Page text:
PHIL: Now the typical charismatic would say – would point to the fact that so many charismatic churches are large and full, and the charismatic movement is spreading, even in formerly unevangelized parts of the world. They would point to that and say, “That’s proof that God has blessed that movement.”

JOHN: Yeah, like Islam.

PHIL: Right.

JOHN: Because Islam spread over the earth, that’s proof that God is blessing Islam. I don’t think so. No, the devil is the god of this world. He’s the prince of the power of the air, and he’s the spirit that works in the children of disobedience, and he’s the ruler of the present age and present world. The spread of the charismatic movement is simply an indication that there will always be religion. Man will always come up with religion; and Satan will always counterfeit it, and he’ll counterfeit it as cleverly as he can. And the most clever counterfeit, at least the most clever form of false Christianity in the current picture is the charismatic movement.

Think back a little bit, Phil. Before the charismatic movement really reached the levels that it has now in these big mega churches, psychology between liberalism it seems like – in just looking back glancing – between the liberal assault and the charismatic assault, there were a few years there where we had this psychology thing going on. And psychology sort of trumped the Bible, and trumped the Holy Spirit; and pastors were saying things like, “Well, you know, the Holy Spirit can do His work, but not until you’ve seen a counselor and had proper psychological help.” Psychology tried to intrude. 

I think sometimes the devil is experimenting. That didn’t work. Psychology didn’t work in the church, because it didn’t work outside the church; it doesn’t work anywhere. But the devil, in this case, has found something that works, and it works; it’s ubiquitous. It works all over the planet; it works everywhere. You look at Africa: massive, massive congregations of people. And, you know, every time you turn around, you pick up a newspaper and find out whoever’s running the deal, just absconded with a bunch of money; or he’s been going to bed with all these wives. I mean it’s a horrendous thing. 

But the success of Satan’s fake religious enterprise, or the success of counterfeit Christianity today in the charismatic movement I haven’t seen before. I’ve seen – his work of liberalism destroys the church and empties them. The psychology thing didn’t fly. This, this has worked very successfully. All over the planet, you can gather people.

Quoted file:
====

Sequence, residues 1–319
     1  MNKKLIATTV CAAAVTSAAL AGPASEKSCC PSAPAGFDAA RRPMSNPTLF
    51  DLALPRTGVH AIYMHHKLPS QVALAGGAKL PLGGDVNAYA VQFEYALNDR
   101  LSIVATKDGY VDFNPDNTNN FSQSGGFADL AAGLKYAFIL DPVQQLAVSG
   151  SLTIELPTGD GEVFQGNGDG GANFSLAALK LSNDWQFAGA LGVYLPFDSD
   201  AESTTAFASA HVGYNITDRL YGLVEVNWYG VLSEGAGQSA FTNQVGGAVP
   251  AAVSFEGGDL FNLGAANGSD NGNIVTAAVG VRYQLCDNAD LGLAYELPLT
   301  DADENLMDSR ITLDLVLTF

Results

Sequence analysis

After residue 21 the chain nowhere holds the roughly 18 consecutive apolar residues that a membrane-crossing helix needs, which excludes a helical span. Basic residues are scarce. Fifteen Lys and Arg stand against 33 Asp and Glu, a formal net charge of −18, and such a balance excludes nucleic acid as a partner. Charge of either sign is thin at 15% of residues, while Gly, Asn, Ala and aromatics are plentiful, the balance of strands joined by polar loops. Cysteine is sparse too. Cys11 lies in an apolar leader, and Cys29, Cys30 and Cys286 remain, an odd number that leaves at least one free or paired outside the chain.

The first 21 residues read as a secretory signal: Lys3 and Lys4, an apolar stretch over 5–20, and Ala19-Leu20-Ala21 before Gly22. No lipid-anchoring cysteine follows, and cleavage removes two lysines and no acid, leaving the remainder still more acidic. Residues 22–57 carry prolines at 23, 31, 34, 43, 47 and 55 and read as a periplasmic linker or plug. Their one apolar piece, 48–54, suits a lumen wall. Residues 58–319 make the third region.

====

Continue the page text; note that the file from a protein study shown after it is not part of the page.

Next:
PHIL: And it’s amazing, amazing too. I mean you and I have seen this in our lifetime. I became a Christian in 1971, and the charismatic movement was still quite new. I think your book The Charismatics was the first written critique of the charismatic movement that I had ever read. 

There was a lot of stuff, or a few important books critiquing old-style Pentecostalism. But you’re right, and it’s something you said earlier intrigued me. You didn’t need to write a book on that; it was so obviously different from evangelical Christianity, that old Pentecostalism really was regarded almost as a cult or quasi cult.

JOHN: Yeah. People did write books on speaking in tongues –

PHIL: Right.

JOHN: because they were trying to show the truth about that. Or might write a book on, “Does the Bible promise healing?” But, yeah, my book in my remembrance was the first time that anybody wrote a book on the charismatic movement, calling into question their view of Scripture. That was the whole point of that book. They’ve got Revelation. This is not tolerable; and “anything’s added to this book shall be added to him the plagues that are written it.” That’s how Revelation ends. 

So, yeah, I think it was, eventually for me, it was the attack on Scripture that the charismatic movement was making, and still makes. And they make it constantly. I just die when I hear a charismatic preacher on TV. Just totally misrepresents Scripture. Take the Scripture and use it as a pretext for something he wants to say that has nothing to do with the true interpretation of the text. 

And maybe it’s the fear in my own heart that I would misrepresent the Word of God. That’s a sacred stewardship for me, as you know; it is for you too. I don’t want to ever say, “God said,” when He didn’t. But to just take the Bible and make it say whatever you want it to say to manipulate people to get what you want out of it, that’s what Satan does.